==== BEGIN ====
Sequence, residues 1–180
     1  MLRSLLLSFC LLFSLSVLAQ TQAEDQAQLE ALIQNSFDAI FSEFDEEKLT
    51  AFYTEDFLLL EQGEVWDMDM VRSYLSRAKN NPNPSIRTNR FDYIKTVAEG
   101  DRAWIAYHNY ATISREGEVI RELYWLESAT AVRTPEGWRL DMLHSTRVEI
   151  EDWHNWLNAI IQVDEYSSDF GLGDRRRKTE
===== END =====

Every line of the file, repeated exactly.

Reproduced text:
Sequence, residues 1–180
     1  MLRSLLLSFC LLFSLSVLAQ TQAEDQAQLE ALIQNSFDAI FSEFDEEKLT
    51  AFYTEDFLLL EQGEVWDMDM VRSYLSRAKN NPNPSIRTNR FDYIKTVAEG
   101  DRAWIAYHNY ATISREGEVI RELYWLESAT AVRTPEGWRL DMLHSTRVEI
   151  EDWHNWLNAI IQVDEYSSDF GLGDRRRKTE